Tuesday 20 February 2018

Looking deeper into the physical & logical architecture - Transaction Log File

Beyond all doubt, it is essential to have a good understanding of the Transaction Log (T-Log) so that we can diagnose unforeseen performance issues related to it and I am sure that almost everyone had at least one. The T-Log is basically a record of all transactions happening to the database. All these transactions are actually first written to the physical T-Log file, and then after a CHECKPOINT, is written to the Data File via the Lazy Writer process. Some of the uses of T-Log are: as a point in time recovery (full recovery model), to record the Start and End of each transaction, every data modification (insert, update, delete) including system SP's, DDL statements to any table including system tables, every extent and page allocation and de-allocation operation, and creation or drop of tables and indexes.

More specifically, SQL Server uses a Write-Ahead Log Algorithm whereby the Log Buffer Manager always guarantees to write the change descriptions (log records) to the T-Log on disk before it writes the changed data pages to the physical Data Files. Furthermore, Write Ahead Logging also allows SQL Server to ensure some of the ACID properties of database transactions, most significantly durability. It is of paramount importance to keep in mind that there is no performance benefit from having multiple physical log files for the T-Log because it is written sequentially and in a round-robin fashion. Sometimes, we can have many T-Log files for a database as long as there is no enough space on the partition disk, so we can add one more T-Log file on another partition disk so that SQL Server does not stop working until the final solution is provided.

Instead of having various T-Log files, it is highly advisable to work on preventive actions to optimise the T-Log file usage in terms of performance and availability, for instance, make sure only one Log File is used, use a dedicated drive/array for the T-Log file (use RAID 10 for log drives, if possible. RAID 1 is also acceptable), avoid Log Fragmentation (avoid frequent small auto-grow events, set 2GB, 4GB or 8GB auto-grows for example), Fragmented Log File can slow down the performance of operations that read the T-Log file such as Backup Tasks, Crash Recovery Process, Database start up, Transactional Replication, Database Mirroring, creation of a Database Snapshot, DBBC CHECKDB, DBCC LOGINFO, Change Data Capture, etc.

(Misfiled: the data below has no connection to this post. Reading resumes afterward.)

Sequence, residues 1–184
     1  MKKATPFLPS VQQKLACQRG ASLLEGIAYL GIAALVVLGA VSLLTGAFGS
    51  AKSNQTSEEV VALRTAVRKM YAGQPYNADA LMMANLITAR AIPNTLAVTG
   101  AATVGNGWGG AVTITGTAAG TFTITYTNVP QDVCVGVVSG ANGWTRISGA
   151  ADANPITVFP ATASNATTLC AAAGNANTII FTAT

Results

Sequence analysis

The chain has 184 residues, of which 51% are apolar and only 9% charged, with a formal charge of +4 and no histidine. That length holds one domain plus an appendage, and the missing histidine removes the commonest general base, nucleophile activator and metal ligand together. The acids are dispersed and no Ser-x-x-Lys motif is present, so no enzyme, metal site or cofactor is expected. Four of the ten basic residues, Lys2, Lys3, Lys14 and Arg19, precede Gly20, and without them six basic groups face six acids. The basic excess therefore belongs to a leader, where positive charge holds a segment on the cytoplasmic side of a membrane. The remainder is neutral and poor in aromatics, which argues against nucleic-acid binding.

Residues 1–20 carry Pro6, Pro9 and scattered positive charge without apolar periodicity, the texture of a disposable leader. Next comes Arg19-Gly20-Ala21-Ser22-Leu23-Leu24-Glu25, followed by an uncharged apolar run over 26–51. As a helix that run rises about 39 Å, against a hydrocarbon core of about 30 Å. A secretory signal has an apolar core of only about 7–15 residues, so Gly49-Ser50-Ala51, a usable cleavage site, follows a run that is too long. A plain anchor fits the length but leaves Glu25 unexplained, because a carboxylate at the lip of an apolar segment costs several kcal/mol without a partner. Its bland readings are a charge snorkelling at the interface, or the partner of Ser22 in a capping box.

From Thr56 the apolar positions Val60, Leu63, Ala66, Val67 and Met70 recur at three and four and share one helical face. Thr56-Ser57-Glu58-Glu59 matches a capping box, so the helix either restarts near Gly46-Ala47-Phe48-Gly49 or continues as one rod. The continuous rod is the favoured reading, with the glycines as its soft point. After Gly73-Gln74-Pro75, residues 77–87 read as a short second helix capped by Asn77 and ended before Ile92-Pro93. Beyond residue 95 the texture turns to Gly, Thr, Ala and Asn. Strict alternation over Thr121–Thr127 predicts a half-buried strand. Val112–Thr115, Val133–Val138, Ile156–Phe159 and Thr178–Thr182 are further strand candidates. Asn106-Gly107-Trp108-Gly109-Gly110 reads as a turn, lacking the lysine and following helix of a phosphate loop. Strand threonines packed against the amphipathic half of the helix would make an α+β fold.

So, how can we control the size of the T-Log File? it depends on the database recovery model, in other words, with SIMPLE recovery model: SQL Server auto-truncates and reuse the space after committing the transaction whereas with either FULL or BULK_LOGGED recovery model, a Log Backup is the only action that can truncate the T-Log, nevertheless, you might have seen that after taking Log Backup, the Log space was not truncated yet, this is because some internal T-Log records may still be required by some other database operations like Open transaction, AlwaysOn AG, Replication, CDC, Mirroring, Backup, etc. It is well worth noting that we must try to keep VLF's as less as possible and each VLF of an acceptable size because the more you have the worse the performance will be. I recommend having VLFs of no more of 512MB per one, but it depends entirely on the use of the T-Log file and its growth settings.

Internally, SQL Server divides a Transaction Log file into a number of sections called Virtual Log Files (VLFs). By default, a T-Log will have 4 VLF's when created. After that, the next VLF's will get individually created with each auto grow or manual grow. Here is the base on what SQL Server starts creating the next VLF's:  
  • if autogrow value < 64MB, then 4 VLF's 
  • if autogrow value >= 64MB and autogrow value < 1GB, then 8 VLF's 
  • if autogrow value > 1GB, then 16 VLF's.
Note that, in SQL Server 2014:
  • if If autogrow value  <= 8MB, then 1 VLF.
(updated 13-04-2024) and in SQL Server 2022
  • if If autogrow value  <= 64MB, then 1 VLF (instead of 4 VLF's)

Finally, if we need to figure out how many VLF's are, we can use the command DBCC LOGINFO which is an undocumented command but is safe to run because it just reads the T-Log, and the most important columns to look for are the following: FileSize (VLF size in bytes), Status (0 Not in use, 2 In use), CreateLSN - it can be used to determine how many VLF’s were created in a log file growth operation, that may be 4, 8 or 16, and this also indicates the Log Sequence Number.
That is all for now, taking this insight into consideration will stand you in good stead for when you have to fix some internal T-Log issues. Thanks for reading. Let me know any remarks you may have. Stay tuned.

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HELLO, I'M PERCY REYES! — a book lover, healthy lifestyle lover... I've been working as a senior SQL Server Database Administrator (DBA) for over 20 years; I'm a three-time awarded Microsoft Data Platform MVP. I'm currently doing a PhD in Computer Science (cryptography) at Loughborough University, England — working on cryptographic Boolean functions, algorithmic cryptanalysis, number theory, and other algebraic aspects of cryptography. READ MORE